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How to Build an Arduino Switched-Mode Power Supply (SMPS)

August 21, 2019 by Darshil Patel

Learn how to use an Arduino to build and control a switched-mode power supply.

  • In this tutorial, we will use our Arduino as a control circuit for a switched-mode power supply. A switched-mode power supply (SMPS) is an electronic circuit that converts the power using switching devices that are turned ON and OFF at high frequencies. The high efficiency of an SMPS makes them popular for use in computers and other sensitive electronics.

How a Switched-Mode Power Supply Works

A basic AC-DC SMPS consists of:

  1. Input rectifier and filter
  2. Transformer 
  3. Output rectifier and filter
  4. Feedback and control circuit

In order to use an Arduino in this task, we can use PWM outputs of the board to control the output voltage. Pulse width modulation (PWM) is a common technique used to vary the width of pulses in a train of pulses.

PWM pins are used in many applications, including dimming an LED, providing variable speed control for motors, and more. Most importantly they are used to provide an analog output, providing an analog voltage between 0% and 100% if the digital output is filtered. On the Arduino UNO board, digital pins 3, 5, 6, 9, 10, and 11 are PWM pins.

The output of the circuit will be +30VDC and -30VDC. Further voltage adjustments require additional voltage regulators and potentiometers.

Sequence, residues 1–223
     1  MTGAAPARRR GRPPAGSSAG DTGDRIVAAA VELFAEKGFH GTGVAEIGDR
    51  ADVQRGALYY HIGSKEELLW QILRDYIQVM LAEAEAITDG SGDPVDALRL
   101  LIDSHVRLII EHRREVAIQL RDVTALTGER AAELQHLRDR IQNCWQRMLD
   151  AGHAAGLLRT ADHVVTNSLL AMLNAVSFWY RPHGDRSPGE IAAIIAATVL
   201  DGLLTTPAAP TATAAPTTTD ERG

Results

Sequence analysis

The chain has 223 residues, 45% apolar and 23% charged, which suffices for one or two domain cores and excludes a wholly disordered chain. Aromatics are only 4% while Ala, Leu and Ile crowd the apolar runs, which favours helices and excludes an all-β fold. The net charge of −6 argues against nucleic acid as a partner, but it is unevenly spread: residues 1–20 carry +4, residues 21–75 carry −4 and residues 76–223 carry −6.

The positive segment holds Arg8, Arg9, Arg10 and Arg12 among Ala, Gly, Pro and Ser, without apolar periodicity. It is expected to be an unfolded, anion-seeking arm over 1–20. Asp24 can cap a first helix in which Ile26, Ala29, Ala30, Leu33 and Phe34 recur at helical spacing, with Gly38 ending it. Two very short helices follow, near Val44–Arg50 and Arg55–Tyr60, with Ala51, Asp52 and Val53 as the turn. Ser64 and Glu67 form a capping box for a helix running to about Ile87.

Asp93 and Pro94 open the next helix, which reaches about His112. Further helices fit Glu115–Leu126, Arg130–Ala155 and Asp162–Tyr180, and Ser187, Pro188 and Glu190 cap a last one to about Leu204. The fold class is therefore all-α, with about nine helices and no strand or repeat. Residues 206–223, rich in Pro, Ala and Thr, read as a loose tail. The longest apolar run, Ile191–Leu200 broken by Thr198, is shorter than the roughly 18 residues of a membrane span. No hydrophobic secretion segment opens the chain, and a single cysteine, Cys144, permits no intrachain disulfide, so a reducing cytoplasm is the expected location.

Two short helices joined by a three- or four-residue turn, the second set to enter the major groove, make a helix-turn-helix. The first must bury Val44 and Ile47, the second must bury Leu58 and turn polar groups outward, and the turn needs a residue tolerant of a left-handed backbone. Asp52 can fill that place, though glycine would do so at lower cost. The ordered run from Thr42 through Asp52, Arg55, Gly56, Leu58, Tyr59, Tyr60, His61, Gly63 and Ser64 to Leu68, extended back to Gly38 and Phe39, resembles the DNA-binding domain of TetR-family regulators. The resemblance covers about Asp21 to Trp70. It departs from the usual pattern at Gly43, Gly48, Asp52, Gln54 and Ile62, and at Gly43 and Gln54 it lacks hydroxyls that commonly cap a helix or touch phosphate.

First, we will begin by stepping down voltage from mains and converting it to DC voltage via a rectifier circuit.

Required Hardware

Transformer and Rectifier Circuit

  • Transformer (Primary to Secondary turns ratio 4.107)
  • 4 x MBR20100 Schottky diodes
  • 2 x 1F Capacitors
  • 2 x 100kΩ resistors

+30V Output Circuit

  • 2 x Fuse 13A
  • 3.3Ω resistor
  • 2 x 10uF Capacitors
  • LM317 Regulator IC
  • LM143 Op-amp
  • Tip 147 Darlington transistor
  • 1N4007 diode
  • 100kΩ resistor
  • 10kΩ resistor
  • 80kΩ preset

For -30V Output Circuit

  • Tip 142 Darlington transistor
  • 3.3Ω resistor
  • 2 x 10uF capacitors
  • LM143 Op-amp
  • LM337 voltage regulator IC
  • 100k Ω resistor
  • 1N4007 diode
  • 90kΩ preset
  • 10kΩ resistor


Choosing a Transformer

Our very first step to building this power supply is choosing a transformer. Our power supply output is 30V DC and -30V DC symmetrically, max 10A both. So we will use a transformer with a primary-to-secondary turns ratio of 4.107, which will be able to supply 40V AC and max 15A to each of the secondary control circuits.

Designing the Rectifier Circuit

A rectifier circuit converts AC voltage to DC. So, our rectifier circuit converts our 40V AC to DC to get us close to the format of output we need. A very basic rectifier circuit consists of four diodes; here we will be using MBR20100 Schottky diodes. These diodes are widely used in SMPSs, reverse battery protection, converters, and more. 


Rectifier circuit diagram

Designing the Control Circuits